Tigers, Gut Feelings, and Idiot America

Posted by on September 25, 2011 in Quick Note, Thoughts | 5 comments

My friend @SwearyGeek pointed this article out to me earlier in the week, titled “Belief in God Boils Down to a Gut Feeling“, which I found quite interesting, and thought I’d share some ideas around the topic. The article talks about “thinking styles”, and the idea that those who trust their instincts more closely will be more likely to have a deeper belief in God. Those who tend to analyse things before they come to a conclusion are less likely to be religious.

And this makes perfect sense too. From the article:

“Some say we believe in God because our intuitions about how and why things happen lead us to see a divine purpose behind ordinary events that don’t have obvious human causes,” study researcher Amitai Shenhav of Harvard University said in a statement. “This led us to ask whether the strength of an individual’s beliefs is influenced by how much they trust their natural intuitions versus stopping to reflect on those first instincts.”

Michael Shermer often talks about false positives, the rustle in the grass (is it a tiger, or is it just the wind?) and the perils we can face if we make a false positive assessment of the situation. In his article on Agenticity in Scientific American in 2009, he writes:

“The problem is that we did not evolve a baloney-detection device in our brains to discriminate between true and false patterns. So we make two types of errors: a type I error, or false positive, is believing a pattern is real when it is not; a type II error, or false negative, is not believing a pattern is real when it is. If you believe that the rustle in the grass is a dangerous predator when it is just the wind (a type I error), you are more likely to survive than if you believe that the rustle in the grass is just the wind when it is a dangerous predator (a type II error). Because the cost of making a type I error is less than the cost of making a type II error and because there is no time for careful deliberation between patternicities in the split-second world of predator-prey interactions, natural selection would have favored those animals most likely to assume that all patterns are real.”

Some people immediately think the rustle is a tiger, others think it’s the wind. But those who think it’s the wind, making a type II error are no longer around to tell us about it, they are just tiger food. It’s natural for us to trust our gut in situations like the tiger/wind scenario, after all it’s better to be alive and wrong than to be dead and wrong and dead, right?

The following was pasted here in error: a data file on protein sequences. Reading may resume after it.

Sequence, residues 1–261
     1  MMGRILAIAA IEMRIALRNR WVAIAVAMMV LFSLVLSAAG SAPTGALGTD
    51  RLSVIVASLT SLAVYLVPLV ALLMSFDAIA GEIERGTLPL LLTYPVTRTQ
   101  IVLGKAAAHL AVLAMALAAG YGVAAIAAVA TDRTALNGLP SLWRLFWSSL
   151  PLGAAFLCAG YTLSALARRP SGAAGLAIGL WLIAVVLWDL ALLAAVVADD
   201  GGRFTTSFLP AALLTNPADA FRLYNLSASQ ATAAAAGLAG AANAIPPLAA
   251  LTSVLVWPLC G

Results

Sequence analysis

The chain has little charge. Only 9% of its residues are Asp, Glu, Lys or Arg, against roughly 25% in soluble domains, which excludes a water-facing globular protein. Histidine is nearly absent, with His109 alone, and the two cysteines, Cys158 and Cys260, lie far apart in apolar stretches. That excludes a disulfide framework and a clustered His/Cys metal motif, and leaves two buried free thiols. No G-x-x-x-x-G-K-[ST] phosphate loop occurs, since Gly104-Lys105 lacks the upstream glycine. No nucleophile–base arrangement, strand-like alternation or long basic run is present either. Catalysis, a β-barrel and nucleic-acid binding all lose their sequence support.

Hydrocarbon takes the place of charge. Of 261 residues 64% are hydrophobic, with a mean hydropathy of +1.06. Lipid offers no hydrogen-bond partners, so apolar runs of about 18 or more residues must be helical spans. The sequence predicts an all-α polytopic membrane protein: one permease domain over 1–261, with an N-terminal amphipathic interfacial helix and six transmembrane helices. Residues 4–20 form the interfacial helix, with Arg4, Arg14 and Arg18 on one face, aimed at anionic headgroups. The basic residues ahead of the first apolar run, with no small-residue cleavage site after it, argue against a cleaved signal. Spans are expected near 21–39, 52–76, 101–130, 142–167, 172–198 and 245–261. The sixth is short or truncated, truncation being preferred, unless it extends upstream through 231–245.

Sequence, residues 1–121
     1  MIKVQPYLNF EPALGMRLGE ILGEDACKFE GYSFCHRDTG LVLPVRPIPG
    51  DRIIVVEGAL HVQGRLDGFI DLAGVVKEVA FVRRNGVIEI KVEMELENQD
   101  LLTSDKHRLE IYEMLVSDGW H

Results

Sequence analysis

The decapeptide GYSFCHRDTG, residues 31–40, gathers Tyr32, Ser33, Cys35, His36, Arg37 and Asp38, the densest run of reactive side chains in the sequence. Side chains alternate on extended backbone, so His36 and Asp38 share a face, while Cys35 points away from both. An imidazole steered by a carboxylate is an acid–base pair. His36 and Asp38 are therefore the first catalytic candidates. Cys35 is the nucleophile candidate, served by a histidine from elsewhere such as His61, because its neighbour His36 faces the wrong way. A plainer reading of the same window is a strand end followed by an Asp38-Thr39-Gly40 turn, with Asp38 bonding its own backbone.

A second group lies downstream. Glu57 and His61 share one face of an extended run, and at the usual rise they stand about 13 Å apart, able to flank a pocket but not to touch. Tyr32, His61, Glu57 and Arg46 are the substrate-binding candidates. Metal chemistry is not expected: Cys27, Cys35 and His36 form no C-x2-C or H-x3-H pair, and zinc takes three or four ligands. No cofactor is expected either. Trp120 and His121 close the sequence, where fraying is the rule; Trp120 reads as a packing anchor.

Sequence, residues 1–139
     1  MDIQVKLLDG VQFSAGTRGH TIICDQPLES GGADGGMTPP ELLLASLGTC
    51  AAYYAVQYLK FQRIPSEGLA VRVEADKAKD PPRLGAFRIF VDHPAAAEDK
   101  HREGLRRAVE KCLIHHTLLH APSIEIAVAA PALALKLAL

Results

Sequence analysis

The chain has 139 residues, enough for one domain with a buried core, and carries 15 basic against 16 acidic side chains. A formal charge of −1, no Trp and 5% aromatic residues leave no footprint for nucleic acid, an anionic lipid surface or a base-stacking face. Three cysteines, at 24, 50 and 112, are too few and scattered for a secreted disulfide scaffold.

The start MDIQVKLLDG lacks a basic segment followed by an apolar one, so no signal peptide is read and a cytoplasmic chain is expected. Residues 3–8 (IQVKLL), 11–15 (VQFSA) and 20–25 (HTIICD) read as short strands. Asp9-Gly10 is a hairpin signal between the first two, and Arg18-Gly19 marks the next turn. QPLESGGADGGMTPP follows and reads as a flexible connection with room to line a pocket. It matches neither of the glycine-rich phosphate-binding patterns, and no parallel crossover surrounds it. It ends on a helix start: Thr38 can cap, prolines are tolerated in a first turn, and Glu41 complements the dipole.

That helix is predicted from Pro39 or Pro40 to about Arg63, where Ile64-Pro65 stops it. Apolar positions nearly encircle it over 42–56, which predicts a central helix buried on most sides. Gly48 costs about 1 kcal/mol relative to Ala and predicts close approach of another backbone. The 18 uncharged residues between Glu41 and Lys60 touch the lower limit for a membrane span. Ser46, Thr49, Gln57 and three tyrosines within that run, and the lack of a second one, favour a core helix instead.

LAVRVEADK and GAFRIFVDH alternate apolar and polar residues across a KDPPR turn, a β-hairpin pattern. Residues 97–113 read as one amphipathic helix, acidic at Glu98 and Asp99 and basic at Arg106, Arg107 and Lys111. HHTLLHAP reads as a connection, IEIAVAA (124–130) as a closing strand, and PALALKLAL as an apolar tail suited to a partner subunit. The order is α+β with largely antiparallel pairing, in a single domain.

Interestingly enough, in the Charles P Pierce essay “Greetings from Idiot America” published in 2005 in Esquire magazine, he talks about the idea that people in the United States are trusting their “gut” more and more, and this is a significant reason why the religion peddlers and misinformation merchants are so successful right now. From the article:

“In the place of expertise, we have elevated the Gut, and the Gut is a moron, as anyone who has ever tossed a golf club, punched a wall, or kicked an errant lawn mower knows. We occasionally dress up the Gut by calling it “common sense.” The president’s former advisor on medical ethics regularly refers to the “yuck factor.” The Gut is common. It is democratic. It is the roiling repository of dark and ancient fears. Worst of all, the Gut is faith-based.

“It’s a dishonest phrase for a dishonest time, “faith-based,” a cheap huckster’s phony term of art. It sounds like an additive, an artificial flavoring to make crude biases taste of bread and wine. It’s a word for people without the courage to say they are religious, and it is beloved not only by politicians too cowardly to debate something as substantial as faith but also by Idiot America, which is too lazy to do it.”

If all this is true, and the gut feelings of many people is more powerful than their brains when making decisions about life, the universe and everything, it’s no wonder we as skeptics come up against so much opposition when we push against their pillars of faith which prop up their god.

So which is it? A tiger in the grass, or is it just the wind? Do you go with your gut, or do you wait around to see if it is actually a tiger?

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  1. Thanks for the mention. :-)

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  2. “How is it that people come to believe something that seemingly defies reason? Beliefs come first, reasons for belief follow in confirmation of the realism dependent on the belief. Most belief claims fall somewhere in the fuzzy borderlands between unquestionably true and unmistakably false. How do our brains process such a broad swath of beliefs? ”

    Taken from Michael Shermer’s book, “The Believing Brain”. pg.133. He gives us a lot to think about .

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  3. Re: http://www.martinspribble.com/recommended-reading/

    Hi there,

    Nice site. How did you make your Amazon bookstore page?



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  4. “That’s where the truth lies, right down here in the gut. Do you know you have more nerve endings in your gut than you have in your head? You can look it up. Now, I know some of you are going to say, “I did look it up, and that’s not true.” That’s ’cause you looked it up in a book. Next time, look it up in your gut. I did. My gut tells me that’s how our nervous system works. ” –Stephen Colbert

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  5. The most common evasion of thinking is the statement, “It stands to reason.” In reality, it rarely does so I usually ask, “How do you know?” Yes, it does anger many people when I say that. THeir anger is a good sign that they know they are wrong.

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